The Real Definition of Success

Last week, my son pointed me to a carton based on Bill Watterson’s 1990 speech about the true definition of success. You can find it here:

Watterson created the Calvin and Hobbes comic strips, one of my all time favorites, a strip that resonated with something inside me like nothing else. My family will tell you I’m always quoting Calvin and Hobbes, and I’ve been known to use examples from C&H in my classes at school or to cheer up someone else’s day.

So what does this particular cartoon have to do with writing? Everything! For the past several years I’ve struggled to make a place for myself in the writing world, prove that I had talent and that my creations would make an impact if I were just given the chance.  Follow the yellow brick road of success–lots of readers equals the measure of worth and value. What the current definition of success doesn’t tell you is it’s only one definition. Something Watterson discovered and had the courage to redefine in his own life.

So what does success look like for an aspiring writer? A completed manuscript. Yep, it’s that simple. Success is birthing a new world, complete with characters you like and admire. Success is telling a story that sticks with the reader, that gets into the reader’s head and heart and lingers like perfume or the memory of the perfect summer day.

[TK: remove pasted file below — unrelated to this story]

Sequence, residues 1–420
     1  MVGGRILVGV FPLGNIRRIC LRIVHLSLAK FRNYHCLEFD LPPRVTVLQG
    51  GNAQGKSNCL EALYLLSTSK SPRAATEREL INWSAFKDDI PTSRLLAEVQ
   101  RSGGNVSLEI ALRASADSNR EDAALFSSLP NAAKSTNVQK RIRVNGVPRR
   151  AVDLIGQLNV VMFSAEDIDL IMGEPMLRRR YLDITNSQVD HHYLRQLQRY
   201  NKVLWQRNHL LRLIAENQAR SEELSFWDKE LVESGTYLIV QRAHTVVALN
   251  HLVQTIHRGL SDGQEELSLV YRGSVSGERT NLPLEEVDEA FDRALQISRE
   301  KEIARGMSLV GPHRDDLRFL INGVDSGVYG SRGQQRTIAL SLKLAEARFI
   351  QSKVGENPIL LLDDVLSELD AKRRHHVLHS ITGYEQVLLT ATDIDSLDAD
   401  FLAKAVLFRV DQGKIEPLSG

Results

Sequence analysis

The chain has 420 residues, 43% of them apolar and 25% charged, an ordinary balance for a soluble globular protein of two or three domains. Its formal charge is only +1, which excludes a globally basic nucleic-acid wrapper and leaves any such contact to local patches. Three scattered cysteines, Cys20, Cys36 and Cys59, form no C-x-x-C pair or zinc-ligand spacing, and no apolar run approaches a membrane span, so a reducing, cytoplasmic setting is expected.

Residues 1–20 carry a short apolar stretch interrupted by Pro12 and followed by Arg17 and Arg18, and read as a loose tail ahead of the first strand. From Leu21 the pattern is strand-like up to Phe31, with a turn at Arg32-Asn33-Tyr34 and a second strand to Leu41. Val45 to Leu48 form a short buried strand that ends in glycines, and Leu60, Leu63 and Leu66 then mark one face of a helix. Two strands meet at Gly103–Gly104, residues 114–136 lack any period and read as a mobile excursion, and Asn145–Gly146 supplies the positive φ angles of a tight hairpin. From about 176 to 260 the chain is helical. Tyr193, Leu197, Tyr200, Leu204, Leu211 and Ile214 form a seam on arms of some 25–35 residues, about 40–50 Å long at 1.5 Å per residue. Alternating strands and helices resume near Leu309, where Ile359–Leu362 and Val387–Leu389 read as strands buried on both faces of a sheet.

I used to think the measure of my talent was how many readers told me they liked my book. Then I discovered that if only one reader read my story and liked it, I did what I had set out to do: entertain someone.  I am a storyteller, not an author.  Yes, there is a difference. Storytellers tell stories, anywhere, at any time, to entertain. Doesn’t matter if the story gets repeated or not. It’s “in the moment.”  Authors depends on print versions, number of copies sold, making money, being in the spotlight, having a brand/platform.

Like Watterson, I’ve learned there’s much more to life than making money. Than having a book on the best seller list. Than racking up a 10,000 readership.  And for the first time I am content. Content to create my stories. Content to spend time living life to the full without worrying about deadlines or numbers or marketing. Content to create my own definition of success regardless of how it’s perceived by the rest of the world, or even another writer. The only difference between Watterson and myself, is his work was interesting enough to the population to make him money.

“To invent your own life’s meaning is not easy…but it’s still allowed.” Bill Watterson.

Thanks, Bill. Let’s go exploring!


Posted on 2013/09/11, in Uncategorized. Bookmark the permalink. Leave a comment.

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